Other bodies in the UAE with cyber security responsibilities include the (a) National Electronic Security Authority, a federal authority; (b)Telecommunications Regulatory Authority (TRA); (c) UAE Computer Emergency Response Team (aeCert), a subsidiary of the TRA; and (d) Dubai Electronic Security Centre. One of aeCert's stated goals is to provide a central trusted point of contact for cyber security incident reporting in the UAE and there is a form on its website to report a cyber incident. Though not mandatory, a company could also report the incident to aeCert who might assist with recovery.
In the case of data leaks, a UAE company having operations outside the UAE might also have reporting obligations under the laws of those other jurisdictions.
If the data subject become aware of the leak of his/her data, they might themselves lodge a criminal complaint with the police in the relevant Emirate. Such complaint might be against both the hacker and the company itself given hackers rarely ever operate in the same jurisdiction. The customer might also bring parallel civil proceedings in the UAE Courts against the UAE company if they can prove that the UAE company's actions or inactions caused them damage. As part of managing data leaks, companies should have holistic customer management strategies to avoid losing control of the process.
Does UAE law penalise a company for failing to protect itself?
The UAE Cybercrime Law and the UAE E-commerce law do not require individuals or entities to protect themselves from cybercrimes or penalise them for lack of such protection. However, UAE law does require government bodies and employees to take various measures to prevent cybercrimes. Moreover, UAE Company Law requires directors and employees to act in their organisation's best interests and with reasonable skill and care. Failure to maintain adequate cyber security or to prevent unauthorised disclosure of data may, in certain circumstances, constitute a breach of those duties, opening the doors to liability against such persons. If the directors or employees of UAE companies were found guilty of cybercrimes or data privacy breaches while performing their duties it might also expose the company to vicarious liability under UAE law. It is therefore advisable for companies to adopt international best practices in relation to cyber security and data protection systems and provide adequate training for its personnel.
The cyber landscape is shifting in the UAE as it is across the globe and as technology advances, and we become increasingly reliant on it, so do the risks and consequences of cybercrime. Outstanding cyber risk management can put businesses at a significant advantage and open opportunities for them.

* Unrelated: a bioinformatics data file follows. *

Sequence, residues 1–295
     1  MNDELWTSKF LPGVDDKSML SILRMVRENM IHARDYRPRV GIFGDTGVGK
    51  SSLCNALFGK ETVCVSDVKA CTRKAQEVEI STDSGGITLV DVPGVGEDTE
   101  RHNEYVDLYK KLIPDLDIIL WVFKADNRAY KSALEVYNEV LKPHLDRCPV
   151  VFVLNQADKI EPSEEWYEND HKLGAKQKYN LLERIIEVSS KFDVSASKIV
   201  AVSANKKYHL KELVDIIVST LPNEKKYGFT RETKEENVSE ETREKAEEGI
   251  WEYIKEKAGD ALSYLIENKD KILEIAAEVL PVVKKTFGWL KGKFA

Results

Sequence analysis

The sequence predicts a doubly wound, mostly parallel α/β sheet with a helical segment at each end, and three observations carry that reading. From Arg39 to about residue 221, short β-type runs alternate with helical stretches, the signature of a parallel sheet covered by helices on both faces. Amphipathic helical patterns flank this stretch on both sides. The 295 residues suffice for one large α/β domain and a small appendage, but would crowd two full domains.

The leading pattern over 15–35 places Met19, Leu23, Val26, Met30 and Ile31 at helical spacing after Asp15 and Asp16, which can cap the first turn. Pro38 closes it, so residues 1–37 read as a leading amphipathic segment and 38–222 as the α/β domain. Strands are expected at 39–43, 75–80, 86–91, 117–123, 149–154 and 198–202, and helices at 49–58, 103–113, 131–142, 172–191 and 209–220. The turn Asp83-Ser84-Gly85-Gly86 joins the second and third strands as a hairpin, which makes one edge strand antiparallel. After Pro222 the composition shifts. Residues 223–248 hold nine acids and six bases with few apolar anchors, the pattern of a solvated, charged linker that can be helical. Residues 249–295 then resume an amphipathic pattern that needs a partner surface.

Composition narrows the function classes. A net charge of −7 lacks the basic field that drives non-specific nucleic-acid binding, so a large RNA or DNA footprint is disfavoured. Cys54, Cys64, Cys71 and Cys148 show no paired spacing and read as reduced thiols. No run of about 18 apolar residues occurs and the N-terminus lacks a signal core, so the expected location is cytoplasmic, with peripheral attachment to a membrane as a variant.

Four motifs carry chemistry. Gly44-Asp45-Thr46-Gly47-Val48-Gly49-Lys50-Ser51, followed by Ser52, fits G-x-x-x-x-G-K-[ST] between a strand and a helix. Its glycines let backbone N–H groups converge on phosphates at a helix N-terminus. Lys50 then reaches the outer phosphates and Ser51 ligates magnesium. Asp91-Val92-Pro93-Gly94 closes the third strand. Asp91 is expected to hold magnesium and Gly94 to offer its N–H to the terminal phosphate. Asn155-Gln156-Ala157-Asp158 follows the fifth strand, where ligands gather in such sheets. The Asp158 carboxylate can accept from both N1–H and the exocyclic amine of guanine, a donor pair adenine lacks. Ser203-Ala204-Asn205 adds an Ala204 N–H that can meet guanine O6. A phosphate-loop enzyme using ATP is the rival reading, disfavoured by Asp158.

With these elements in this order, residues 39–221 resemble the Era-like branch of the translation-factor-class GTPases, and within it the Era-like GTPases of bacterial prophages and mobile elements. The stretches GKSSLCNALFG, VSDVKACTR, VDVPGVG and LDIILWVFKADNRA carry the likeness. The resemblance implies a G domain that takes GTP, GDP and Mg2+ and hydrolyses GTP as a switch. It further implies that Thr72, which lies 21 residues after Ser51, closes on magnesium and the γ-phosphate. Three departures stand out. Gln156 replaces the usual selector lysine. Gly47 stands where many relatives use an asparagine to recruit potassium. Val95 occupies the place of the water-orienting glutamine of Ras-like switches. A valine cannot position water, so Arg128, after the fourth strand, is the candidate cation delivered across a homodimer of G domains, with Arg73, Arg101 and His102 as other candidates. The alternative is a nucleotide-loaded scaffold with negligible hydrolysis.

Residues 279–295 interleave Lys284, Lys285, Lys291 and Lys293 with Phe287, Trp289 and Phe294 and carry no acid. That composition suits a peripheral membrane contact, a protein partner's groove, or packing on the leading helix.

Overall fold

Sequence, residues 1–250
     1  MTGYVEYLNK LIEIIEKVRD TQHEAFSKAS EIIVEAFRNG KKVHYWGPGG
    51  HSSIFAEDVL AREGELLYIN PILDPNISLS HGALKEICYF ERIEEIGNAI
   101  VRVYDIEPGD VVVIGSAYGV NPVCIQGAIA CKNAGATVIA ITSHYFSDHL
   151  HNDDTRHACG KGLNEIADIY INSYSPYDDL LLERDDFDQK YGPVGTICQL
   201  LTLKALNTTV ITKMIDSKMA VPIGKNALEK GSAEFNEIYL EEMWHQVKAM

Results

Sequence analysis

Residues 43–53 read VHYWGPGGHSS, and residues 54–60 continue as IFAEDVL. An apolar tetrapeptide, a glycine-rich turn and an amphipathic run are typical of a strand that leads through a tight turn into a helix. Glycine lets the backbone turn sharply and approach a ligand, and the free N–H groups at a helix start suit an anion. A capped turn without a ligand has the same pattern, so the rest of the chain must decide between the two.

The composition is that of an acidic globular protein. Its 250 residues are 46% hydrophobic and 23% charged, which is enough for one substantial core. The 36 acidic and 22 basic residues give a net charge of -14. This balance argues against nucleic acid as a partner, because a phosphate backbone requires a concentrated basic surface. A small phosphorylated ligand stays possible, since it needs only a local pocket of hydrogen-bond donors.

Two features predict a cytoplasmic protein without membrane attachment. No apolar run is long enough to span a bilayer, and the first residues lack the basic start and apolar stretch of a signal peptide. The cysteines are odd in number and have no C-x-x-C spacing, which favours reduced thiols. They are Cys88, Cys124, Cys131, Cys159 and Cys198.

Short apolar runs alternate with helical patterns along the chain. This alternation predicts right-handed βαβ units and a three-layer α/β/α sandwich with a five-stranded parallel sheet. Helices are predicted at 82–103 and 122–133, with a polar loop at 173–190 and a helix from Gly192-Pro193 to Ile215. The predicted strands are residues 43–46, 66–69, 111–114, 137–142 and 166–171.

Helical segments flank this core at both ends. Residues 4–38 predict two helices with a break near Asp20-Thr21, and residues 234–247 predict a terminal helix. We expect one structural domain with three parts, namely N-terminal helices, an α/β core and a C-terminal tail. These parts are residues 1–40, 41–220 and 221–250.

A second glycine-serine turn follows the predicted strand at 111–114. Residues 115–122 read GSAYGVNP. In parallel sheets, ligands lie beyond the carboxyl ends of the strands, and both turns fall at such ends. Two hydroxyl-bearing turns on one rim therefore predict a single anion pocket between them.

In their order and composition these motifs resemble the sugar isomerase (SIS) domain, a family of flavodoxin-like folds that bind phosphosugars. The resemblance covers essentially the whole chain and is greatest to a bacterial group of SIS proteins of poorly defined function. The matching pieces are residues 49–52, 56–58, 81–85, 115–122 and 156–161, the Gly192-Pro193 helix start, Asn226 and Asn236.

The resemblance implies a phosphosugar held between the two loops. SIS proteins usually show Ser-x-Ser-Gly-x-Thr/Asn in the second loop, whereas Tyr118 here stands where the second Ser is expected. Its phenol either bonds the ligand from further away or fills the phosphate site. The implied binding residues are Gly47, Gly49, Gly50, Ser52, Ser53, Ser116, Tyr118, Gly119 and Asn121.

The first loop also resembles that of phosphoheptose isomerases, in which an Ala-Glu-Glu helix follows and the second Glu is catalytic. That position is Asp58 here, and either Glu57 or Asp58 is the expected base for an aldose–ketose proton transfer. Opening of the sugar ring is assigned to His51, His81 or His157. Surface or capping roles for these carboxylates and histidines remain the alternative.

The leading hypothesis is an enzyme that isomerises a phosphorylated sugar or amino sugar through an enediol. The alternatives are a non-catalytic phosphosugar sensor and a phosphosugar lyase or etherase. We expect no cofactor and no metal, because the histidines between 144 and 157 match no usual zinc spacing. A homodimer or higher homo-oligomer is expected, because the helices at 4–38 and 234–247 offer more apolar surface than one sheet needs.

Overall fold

We recommend that businesses take the following steps in order to maximise cyber security:
- Make cyber security a board level priority – it is not simply a technology issue but one that can result in serious reputational and financial impact, so ensure that your board is always alert to cyber risk issues and is able to react quickly. Core policies (HR/data collection/confidentiality/business continuity/insurance/training) must be designed with cyber in mind.
- Address the cyber risk profile of suppliers –valuable data should only be transferred to vendors and suppliers who have been cyber-vetted. To back this up, new cyber protection clauses should be integrated into agreements to ensure that your suppliers will tell you about a cyber attack before your customers read about on the internet and will help you manage the impact of any such attack and compensate you for your losses.
- Create a cyber disaster response plan – an hour-by-hour cyber-attack response plan, which is regularly tested and reviewed, is needed across the organisation with collaboration between business leaders, legal, IT, HR and PR teams.
- Know your notifications – in the event of a data loss incident one or more regulators may need to be notified following a data loss incident and in these circumstances you will want your legal adviser to have intimate knowledge of your risk mitigation strategy to put forward your best case. You may also need to tell customers – this legal communication process needs careful management.
- Prioritise cyber in M&A due diligence - when buying any business, cyber due diligence needs to be at the top of your list. Consideration needs to be given to whether the target has fallen victim to a cyber attack, the risk mitigation measures in place and whether the valuation reflects any cyber weaknesses.